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AROUND THE NABERHOOD: This year’s freshmen were born in 2002, try looking at it from their perspective

Many of you may not realize this, and you may find it hard to believe, but six years ago I was gearing up to be a high school teacher. It turns out that after holding parent-teacher conferences, I’d rather deal with bucking broncs and ornery grizzlies than duke it out with badgering or apathetic parents. (The kids were fine; their parents were another story entirely.)

Anyway, as each school year begins it’s a good idea for teachers to take a step back and think about what the world is like from their students’ perspective — and it can be pretty bizarre.

My youngest brother is 16, and in a recent conversation with him he asked who Dick Cheney is — which makes sense; Cheney is too recent to be in the history books, but was out of office around the time my brother was mastering the fine art of reading books without illustrations in them.

Most “first memories” are made between ages 4-7, but solid memories of the world don’t really set in until age 10, according to psychology professor Carole Peterson and colleagues from Canada’s Memorial University of Newfoundland.

This year’s high school freshmen were born in 2002. That means they have some fuzzy memories from 2006, but it’s likely limited to playtime and family events. Their greater world perspective likely didn’t set in until roughly 2010.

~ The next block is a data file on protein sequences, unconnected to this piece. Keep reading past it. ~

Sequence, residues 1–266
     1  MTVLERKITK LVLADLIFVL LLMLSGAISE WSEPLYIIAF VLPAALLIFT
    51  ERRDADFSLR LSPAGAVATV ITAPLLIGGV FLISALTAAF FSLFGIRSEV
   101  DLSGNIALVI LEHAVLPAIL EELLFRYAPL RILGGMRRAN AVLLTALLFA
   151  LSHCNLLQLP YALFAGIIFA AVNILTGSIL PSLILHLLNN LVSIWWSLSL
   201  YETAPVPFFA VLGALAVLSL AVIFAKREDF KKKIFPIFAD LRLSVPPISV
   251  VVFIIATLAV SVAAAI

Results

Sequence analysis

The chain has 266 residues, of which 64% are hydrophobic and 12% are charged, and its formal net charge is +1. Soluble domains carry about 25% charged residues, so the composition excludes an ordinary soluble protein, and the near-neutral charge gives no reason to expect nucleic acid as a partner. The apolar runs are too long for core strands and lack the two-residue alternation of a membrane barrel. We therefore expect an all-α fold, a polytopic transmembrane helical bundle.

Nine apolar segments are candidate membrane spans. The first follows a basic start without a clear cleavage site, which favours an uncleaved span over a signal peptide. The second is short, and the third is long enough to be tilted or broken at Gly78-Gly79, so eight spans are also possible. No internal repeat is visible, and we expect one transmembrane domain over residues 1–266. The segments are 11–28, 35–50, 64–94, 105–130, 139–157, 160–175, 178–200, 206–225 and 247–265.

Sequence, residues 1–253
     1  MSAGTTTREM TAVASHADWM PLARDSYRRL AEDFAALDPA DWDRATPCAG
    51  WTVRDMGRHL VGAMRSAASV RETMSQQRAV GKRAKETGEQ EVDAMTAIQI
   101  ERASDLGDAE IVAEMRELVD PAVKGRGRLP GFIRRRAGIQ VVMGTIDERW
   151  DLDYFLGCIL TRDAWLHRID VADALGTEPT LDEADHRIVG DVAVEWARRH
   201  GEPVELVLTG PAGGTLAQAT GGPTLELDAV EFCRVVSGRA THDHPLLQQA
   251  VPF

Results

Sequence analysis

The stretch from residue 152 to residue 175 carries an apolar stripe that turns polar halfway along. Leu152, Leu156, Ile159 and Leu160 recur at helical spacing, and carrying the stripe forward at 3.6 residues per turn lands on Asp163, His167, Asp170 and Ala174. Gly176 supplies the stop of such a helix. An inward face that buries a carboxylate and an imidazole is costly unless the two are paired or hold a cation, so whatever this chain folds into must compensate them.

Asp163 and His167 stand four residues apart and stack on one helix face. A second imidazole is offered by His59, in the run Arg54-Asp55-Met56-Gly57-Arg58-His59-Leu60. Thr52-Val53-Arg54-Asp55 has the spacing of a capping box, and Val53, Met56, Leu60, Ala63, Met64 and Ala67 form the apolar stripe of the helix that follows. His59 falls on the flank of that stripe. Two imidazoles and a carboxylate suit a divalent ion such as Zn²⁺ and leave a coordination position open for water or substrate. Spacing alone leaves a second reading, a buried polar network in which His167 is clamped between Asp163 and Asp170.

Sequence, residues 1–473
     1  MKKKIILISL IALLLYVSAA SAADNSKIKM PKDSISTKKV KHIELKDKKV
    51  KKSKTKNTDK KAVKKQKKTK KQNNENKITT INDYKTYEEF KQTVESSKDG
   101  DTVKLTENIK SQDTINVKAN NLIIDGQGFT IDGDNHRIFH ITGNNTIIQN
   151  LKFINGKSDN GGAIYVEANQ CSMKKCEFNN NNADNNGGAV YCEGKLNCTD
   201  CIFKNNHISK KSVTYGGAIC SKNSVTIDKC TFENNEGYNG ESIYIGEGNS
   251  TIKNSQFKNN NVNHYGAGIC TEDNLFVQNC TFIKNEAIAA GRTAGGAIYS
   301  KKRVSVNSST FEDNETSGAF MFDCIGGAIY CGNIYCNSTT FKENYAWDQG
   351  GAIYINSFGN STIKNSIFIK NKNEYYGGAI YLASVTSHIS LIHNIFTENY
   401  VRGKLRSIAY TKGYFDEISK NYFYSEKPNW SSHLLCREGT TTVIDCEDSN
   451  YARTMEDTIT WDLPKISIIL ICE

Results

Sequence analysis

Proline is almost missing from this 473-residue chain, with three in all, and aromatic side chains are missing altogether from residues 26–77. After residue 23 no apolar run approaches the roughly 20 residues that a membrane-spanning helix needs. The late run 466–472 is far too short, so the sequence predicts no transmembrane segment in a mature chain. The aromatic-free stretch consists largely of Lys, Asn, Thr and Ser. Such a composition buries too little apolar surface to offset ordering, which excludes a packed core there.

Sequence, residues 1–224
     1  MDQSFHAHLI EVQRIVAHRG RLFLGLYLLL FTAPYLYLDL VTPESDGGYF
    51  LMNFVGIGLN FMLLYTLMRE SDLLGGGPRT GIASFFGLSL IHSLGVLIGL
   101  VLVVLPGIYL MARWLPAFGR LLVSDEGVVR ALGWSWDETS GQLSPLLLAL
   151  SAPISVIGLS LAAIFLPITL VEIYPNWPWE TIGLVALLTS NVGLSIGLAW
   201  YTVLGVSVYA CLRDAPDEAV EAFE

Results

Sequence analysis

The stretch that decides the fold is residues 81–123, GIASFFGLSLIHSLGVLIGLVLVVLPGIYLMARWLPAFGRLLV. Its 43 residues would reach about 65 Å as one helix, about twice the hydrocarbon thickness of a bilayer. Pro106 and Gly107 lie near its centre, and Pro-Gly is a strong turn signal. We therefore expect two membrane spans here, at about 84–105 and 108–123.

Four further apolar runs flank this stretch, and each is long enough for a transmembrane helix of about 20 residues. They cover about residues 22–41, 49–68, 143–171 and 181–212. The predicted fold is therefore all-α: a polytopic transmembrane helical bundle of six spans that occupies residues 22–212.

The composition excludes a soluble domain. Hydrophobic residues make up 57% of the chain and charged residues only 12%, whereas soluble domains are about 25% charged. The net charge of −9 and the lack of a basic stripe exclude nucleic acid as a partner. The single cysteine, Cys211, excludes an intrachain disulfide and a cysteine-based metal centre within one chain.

I’ve got boots older than that.

So with that in mind, here’s a look into the mindset of the Class of 2020.

  • Super heroes have never been just for nerds.
  • Video game addiction is real and rehab programs for it have always existed. They’ve likely lost a friend or two to Minecraft or World of Warcraft.
  • They’ve always been able to Google everything. Google is their duct tape and WD-40, it’s the answer to every question.
  • YouTube is their MTV and preferred mode of learning new things — and it has always existed.
  • TV has always been available in high definition.
  • Hillary’s husband has never been president.
  • Cellphones have always had touch screens and internet access, as far as they can remember, and iPads have been around for the majority of their lifetime.
  • The Twin Towers never existed in their lifetime.
  • The Bush/Cheney presidency ended around the time they learned to read. Coincidentally, Twitter has been around since before they could write.
  • The Kardashians have always been famous and Dora has always been exploring.
  • Hybrid cars have always existed, as have reality TV shows, gluten-free sections in the grocery store and the option to stream movies at home.
  • They likely can’t remember a time when the entire Harry Potter series wasn’t available in both book and movie formats.
  • They’ve never used a cassette tape and likely never touched a VCR either — so the concept of “be kind, please rewind” is as foreign to them as waiting until after 9 p.m. to make a call on a cell phone to avoid extra charges.
  • Their options for shopping have never been limited to what’s in the store.
  • Grandma has always been on Facebook. Meanwhile, MySpace has always been dead.
  • References to “Lost” will likely be lost on them — the final season aired when they were about 8 years old.

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